Dasani was born in 2001, when Chanel was 23 years old. She gave birth to Dasani’s sister, Aviana, the next year, who parted ways with the man who gave birth to both girls. By 2005, Chanel was married to Supreme, another Brooklyn native who had survived several traumas. Together they vowed to improve their lives, creating the kind of family they never had – a strong army of siblings with an unbreakable bond. “It’s a cruel world,” Chanel told me. “I wanted them to trust each other. So they don’t have to depend on people who are not family.”
As the Administration for Children’s Services was hovering over the family, the agency tasked with investigating allegations of child abuse and neglect. ACS caseworkers were continuously monitoring the channel and Supreme since 2004. On 12 occasions, they found evidence of parental neglect due to lack of supervision, educational lapses or drug use by parents. In 2011, Chanel temporarily lost custody of the children after leaving them unattended in Auburn. They remained in Supreme’s care as both parents began drug-treatment programs, determined to keep their family intact. “We didn’t have a family,” Chanel said. “That is why the street became our family. I didn’t want Gali to be his family either.”
It took months for the channel to speak to me with such candor. After all, she said that if I weren’t a mother, she’d never let me be near her kids (most of whom are identified by their surnames). It also helped that I wasn’t, in his words, “all white” because I’m “Latin”—my mother is an immigrant from Chile, a fact that pleased Dasani, whose biological father is half-Dominican.
After publishing the series about Dasani – accompanied by vivid photographs by Ruth Fremson – readers poured in with calls and emails offering to donate to the family. We directed them to the Legal Aid Society, which had set up a trust for Dasani and her siblings. She was still on the front page when incoming Mayor Bill de Blasio held a news conference, saying, “We can’t let the kids of this town down like Dasani.” His administration removed more than 400 children from Auburn and another shelter, permanently closing both facilities for children.
For a moment, Dasani felt like the most famous kid in town. The cameras flashed as he took to the stage during de Blasio’s inauguration in January 2014. He held the Bible for incoming public prosecutor Letitia James, who called him “my new BFF.”
But long after the attention shifted, Dasani’s family was still homeless, now living in a shelter in Harlem. Donors of the trust had expressed concerns about money going to parents with a drug history. Absent the issue, any cash donations would have counted as income, leaving the family to lose their food stamps and other public aid. Dasani understood that the trust was mostly for college – a fund for the future, not a way out of poverty.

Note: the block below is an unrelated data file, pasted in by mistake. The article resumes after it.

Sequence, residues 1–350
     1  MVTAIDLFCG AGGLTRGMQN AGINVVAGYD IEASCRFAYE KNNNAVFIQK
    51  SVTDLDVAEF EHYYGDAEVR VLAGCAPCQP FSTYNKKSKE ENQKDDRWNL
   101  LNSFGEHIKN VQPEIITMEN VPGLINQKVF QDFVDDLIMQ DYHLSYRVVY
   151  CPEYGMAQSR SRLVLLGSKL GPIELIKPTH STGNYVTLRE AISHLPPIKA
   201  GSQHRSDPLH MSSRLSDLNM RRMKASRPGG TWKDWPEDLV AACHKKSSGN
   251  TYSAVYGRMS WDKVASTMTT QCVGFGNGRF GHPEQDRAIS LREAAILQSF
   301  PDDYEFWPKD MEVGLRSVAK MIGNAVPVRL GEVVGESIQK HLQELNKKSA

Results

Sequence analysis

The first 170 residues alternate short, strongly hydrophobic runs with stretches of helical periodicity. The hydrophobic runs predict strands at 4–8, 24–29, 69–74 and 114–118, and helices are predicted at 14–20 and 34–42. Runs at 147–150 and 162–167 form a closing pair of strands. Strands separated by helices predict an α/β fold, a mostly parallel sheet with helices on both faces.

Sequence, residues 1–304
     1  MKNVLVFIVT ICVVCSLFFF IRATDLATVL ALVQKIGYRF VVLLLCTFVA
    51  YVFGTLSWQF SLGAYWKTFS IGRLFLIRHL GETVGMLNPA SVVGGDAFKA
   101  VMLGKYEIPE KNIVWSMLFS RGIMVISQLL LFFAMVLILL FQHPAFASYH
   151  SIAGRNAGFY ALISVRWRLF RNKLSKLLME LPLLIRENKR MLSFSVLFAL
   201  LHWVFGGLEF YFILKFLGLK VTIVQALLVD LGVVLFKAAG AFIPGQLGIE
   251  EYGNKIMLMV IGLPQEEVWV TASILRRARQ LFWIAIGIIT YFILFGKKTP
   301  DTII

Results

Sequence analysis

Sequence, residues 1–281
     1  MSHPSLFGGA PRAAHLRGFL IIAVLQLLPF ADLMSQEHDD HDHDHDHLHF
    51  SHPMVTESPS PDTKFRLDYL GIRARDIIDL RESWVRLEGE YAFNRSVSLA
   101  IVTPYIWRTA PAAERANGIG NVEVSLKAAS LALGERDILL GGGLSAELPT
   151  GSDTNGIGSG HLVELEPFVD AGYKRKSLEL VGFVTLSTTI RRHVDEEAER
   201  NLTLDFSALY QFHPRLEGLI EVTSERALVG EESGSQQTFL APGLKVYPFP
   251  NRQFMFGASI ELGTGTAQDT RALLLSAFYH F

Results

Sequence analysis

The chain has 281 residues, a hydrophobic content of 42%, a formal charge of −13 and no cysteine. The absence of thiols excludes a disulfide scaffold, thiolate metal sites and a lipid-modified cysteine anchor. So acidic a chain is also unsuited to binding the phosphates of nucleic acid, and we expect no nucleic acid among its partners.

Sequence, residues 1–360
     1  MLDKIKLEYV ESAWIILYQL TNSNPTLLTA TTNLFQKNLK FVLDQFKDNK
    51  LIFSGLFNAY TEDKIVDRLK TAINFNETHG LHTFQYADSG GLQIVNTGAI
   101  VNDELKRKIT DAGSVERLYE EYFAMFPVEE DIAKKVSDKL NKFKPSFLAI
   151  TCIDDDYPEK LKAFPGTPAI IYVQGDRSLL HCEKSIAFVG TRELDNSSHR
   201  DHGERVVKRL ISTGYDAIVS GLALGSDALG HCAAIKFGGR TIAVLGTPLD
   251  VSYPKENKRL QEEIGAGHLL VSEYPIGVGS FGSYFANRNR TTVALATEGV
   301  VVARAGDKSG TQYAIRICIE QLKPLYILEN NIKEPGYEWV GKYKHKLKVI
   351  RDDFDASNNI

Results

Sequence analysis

After the series ran, Dasani’s family agreed for me to continue following her story for a book—a project that would keep me in their lives for nearly a decade. As of June 2014, Dasani was nearing the end of seventh grade, arriving by bus from Harlem to her school in Fort Greene. She had missed 52 days of school – almost a third of the academic year. While chronic absenteeism is typical among homeless students, Holmes, the principal, also blamed Dasani’s mother for burdening her eldest daughter with child care. This contributed to Dasani’s aggressive behavior at school, Holmes thought.
“He’s short-fused,” Holmes told me. “But his anger is not really on anyone here. Their anger is over the unnecessary stuff being imposed on this child.” In June 2014, Holmes hatched a plan. She called Dasani into her office to announce: she would be applying to Hershey School. For this child, leaving home was the surest way to a better life.
Even as a little girl, Dasani was full of aspirations. She had a daily routine: She would get up in front of her siblings and sit by her window, looking at the Empire State Building early in the morning. “It makes me think there’s something going on there,” she said.
She kept reaching for the same throughout her life. “I have a lot of potential,” he told me. “However, I do.”